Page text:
I wrote this for Jancisrobinson.com last year. Since then the Giaconda has been refurbished and extended. There is now a bright airy garden room out the back. The food is as good before and the wine list has some interesting new stuff. When I went last week they had a superb waxy Spanish white called Manuel de la Osa – a natural wine that was vivacious rather than wacky. They also now have table clothes for even more sound absorption.
These days I seem to be having a lot of lunches with the hard of hearing. To make matters worse I am myself slightly deaf – probably a legacy of a youth spent in Northern nightclubs. I fear that I’ll end up like my late grandmother who just used to reply ‘whisky’ to every question. I work near Soho so am spoiled for choices when it comes to eating. Unfortunately the minimalist/shabby chic trend in London restaurants means that none of these places has the vital noise-absorbing fabrics that I need when eating out: no curtains, no carpets, and most new places in Soho don’t even have cushions. If you want to have an informal lunch where you’re intending to do more listening than drinking and gesticulating, where does one go in central London?
Then I remembered that the Giaconda Dining Room has a nice, thick black carpet. The sort of carpet you can imagine a 70s Bond villain having in his bedroom. It’s an odd little restaurant about the size of a mobile phone shop crammed between the music joints on Denmark Street. This was where I decided to meet my elderly guest. He was already waiting for me when I arrived. I greeted him and he said something I couldn’t quite hear. ‘What?’ I replied. ‘I thought you said that this place was quiet,’ he said. So despite the carpet, it’s not the quietest of restaurants. It really is a very small room and it was full. This place was a pioneer in the small room/great food school of restaurants that has swept London in the last couple of years. But whereas places like Polpo or Duck Soup appeal to the young, the Giaconda customer is rather different. It’s more – and I mean this in the best possible way – bourgeois. The people at the table next door are more likely to be lawyers, doctors or publishers, than the advertising or film-business people that you get on Dean Street.
My guest immediately took to the Australian waitress. The waitresses are always the same: Australian Tracey and Slovakian Katerina. They rule the tiny floor with the rod of iron necessary when keeping such a crowded room in order. I have a phobia of being bossed about in restaurants but from these two I don’t mind. Underneath their forbidding exteriors they’re both cheerful, knowledgeable and very good at waiting, a rarity in London. They’re also dressed a bit like the waitresses in Betty’s Tea Rooms, which is a bonus for me.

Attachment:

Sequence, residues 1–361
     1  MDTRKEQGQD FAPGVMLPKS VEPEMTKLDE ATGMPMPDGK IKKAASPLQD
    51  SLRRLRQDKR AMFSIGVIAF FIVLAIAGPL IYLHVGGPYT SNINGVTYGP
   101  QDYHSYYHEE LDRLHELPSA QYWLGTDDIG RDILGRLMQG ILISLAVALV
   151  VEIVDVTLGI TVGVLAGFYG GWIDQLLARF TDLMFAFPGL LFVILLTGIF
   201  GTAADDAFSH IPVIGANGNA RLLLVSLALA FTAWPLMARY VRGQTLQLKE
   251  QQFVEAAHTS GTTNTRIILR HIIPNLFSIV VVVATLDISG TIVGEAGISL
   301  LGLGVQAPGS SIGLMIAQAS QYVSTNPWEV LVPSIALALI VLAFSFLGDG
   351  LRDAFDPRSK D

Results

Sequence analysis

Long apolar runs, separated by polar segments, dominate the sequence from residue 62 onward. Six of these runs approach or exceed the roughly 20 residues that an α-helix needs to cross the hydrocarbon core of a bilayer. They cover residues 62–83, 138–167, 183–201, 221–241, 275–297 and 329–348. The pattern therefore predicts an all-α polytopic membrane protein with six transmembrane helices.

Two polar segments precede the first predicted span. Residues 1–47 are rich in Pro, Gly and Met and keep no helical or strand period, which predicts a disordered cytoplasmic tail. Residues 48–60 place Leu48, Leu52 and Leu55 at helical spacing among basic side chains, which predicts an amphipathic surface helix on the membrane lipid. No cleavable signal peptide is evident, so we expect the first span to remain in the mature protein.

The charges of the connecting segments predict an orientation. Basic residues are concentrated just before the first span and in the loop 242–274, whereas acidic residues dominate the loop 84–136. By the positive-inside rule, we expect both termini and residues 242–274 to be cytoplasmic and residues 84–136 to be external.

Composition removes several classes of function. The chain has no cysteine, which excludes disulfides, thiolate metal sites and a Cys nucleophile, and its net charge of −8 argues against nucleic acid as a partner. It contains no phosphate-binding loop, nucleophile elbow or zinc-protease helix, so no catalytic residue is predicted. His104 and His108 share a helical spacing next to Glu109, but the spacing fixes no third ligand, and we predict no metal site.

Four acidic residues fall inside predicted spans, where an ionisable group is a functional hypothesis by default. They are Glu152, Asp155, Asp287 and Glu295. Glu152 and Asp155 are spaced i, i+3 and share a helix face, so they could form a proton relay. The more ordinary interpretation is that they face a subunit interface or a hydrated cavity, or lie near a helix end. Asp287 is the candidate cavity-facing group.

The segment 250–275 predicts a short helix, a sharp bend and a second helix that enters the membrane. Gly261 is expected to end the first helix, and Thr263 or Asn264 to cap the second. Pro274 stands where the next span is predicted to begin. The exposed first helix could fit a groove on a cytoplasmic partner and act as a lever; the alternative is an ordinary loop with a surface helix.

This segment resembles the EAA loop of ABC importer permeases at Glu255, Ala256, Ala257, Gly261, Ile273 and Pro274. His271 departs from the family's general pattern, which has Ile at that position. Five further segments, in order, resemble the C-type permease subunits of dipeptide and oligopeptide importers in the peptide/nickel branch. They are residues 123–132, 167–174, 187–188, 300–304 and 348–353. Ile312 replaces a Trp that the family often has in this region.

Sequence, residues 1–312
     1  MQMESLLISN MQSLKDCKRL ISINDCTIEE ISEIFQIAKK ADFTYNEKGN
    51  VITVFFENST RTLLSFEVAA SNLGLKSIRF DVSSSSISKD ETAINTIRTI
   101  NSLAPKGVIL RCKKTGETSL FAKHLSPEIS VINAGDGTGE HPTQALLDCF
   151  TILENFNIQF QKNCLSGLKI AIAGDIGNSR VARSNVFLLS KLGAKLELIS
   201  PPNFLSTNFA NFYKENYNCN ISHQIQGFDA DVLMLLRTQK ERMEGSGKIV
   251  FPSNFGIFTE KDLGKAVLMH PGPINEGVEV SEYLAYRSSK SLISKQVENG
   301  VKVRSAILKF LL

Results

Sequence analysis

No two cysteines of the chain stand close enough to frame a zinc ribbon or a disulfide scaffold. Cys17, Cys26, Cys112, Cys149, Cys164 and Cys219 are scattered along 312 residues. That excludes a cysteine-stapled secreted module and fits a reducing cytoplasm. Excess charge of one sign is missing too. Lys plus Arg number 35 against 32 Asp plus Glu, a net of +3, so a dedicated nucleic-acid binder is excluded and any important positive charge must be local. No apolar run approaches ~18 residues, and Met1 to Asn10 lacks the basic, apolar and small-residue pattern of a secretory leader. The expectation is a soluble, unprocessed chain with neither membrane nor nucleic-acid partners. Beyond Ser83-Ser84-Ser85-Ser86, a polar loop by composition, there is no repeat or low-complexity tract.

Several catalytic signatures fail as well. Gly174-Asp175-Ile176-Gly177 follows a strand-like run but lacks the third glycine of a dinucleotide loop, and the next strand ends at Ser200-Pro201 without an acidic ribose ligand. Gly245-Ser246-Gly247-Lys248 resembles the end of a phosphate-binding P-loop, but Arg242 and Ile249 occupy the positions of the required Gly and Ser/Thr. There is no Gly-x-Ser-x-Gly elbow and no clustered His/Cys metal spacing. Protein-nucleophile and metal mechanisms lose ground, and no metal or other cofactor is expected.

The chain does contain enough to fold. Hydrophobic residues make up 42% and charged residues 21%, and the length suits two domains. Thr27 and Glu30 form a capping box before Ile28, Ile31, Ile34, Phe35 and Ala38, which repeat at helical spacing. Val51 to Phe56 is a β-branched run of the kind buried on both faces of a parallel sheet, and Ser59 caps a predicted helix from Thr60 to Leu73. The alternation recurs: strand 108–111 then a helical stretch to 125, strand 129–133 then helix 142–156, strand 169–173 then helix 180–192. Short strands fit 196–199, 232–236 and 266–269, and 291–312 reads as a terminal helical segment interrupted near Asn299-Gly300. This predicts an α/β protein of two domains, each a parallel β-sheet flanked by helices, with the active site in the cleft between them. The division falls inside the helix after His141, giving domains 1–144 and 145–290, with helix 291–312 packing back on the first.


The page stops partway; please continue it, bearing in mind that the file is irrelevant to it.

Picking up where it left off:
Like the waitresses’ outfits, the food is not fashionable. It’s sort of French and sort of Italian but served in gentlemen’s club-sized portions with lots of comforting offal – the two signature dishes are a breaded boneless pig’s trotter for starters and ox tongue with parsley and capers. My guest went for the bream on the specials list (there’s always good fresh fish) and I went for veal kidneys. My kidneys were cooked with cherry tomatoes and capers. They were the best kidneys I’ve had a long time: browned on the outside and bloody in the middle, very tender, very meaty and not stinky like lamb’s kidneys can be. The bream was apparently superb; I don’t like eating off other people’s plates. Sadly my guest wasn’t drinking; he claims to be too old to drink anymore. It’s a shame because the wine list here is good. There aren’t any self-consciously ‘natural’ wines, just lots of good quality Old World wines, most of them for under £40. It’s a list to drink from, not to show off. For the lawyers there are a few upmarket burgundies of both persuasions whereas we publishers stick to the bottom end. My favourites are a crunchy Marcillac from Domaine du Cros, a pungent Faugères from Domaine Léonides and there’s a nice old Rioja from Urbina. To go with the fish they always have a decent Vinho Verde, Muscadet and a Txakoli. Wines by the glass change daily depending on the whims of the staff and there are a few halves.
Though the Giaconda Dining Room has been open for only about four years, it feels like somewhere that has been around since 1952. It’s an anomaly on the London restaurant scene because it has no concept, no big idea. You cannot see it expanding into a mini chain. What it reminds me most of is a small family restaurant in a back street of Naples or Palermo just getting on with doing what they have always been doing. The chef is an Australian called Paul Merron. The waitress who served us is his wife. When he broke his arm in a cycling accident not long after opening, he simply closed the place as there was no one else to do the cooking. That gives you some idea of how small this operation is.
By the time my guest had finished his Eton Mess he was beaming with happiness. ‘What a lovely little restaurant’ he said. When offered coffee, he said that he couldn’t at his age. A few days later my father (not deaf, though often pretends to be), called to say that he was meeting someone he hadn’t seen for years for a good long lunch. Could I suggest anywhere?
Giaconda Dining Room, 9 Denmark Street, Soho/Covent Garden, London WC2H 8LS, tel +44 (0)207 240 3334, www.giacondadining.com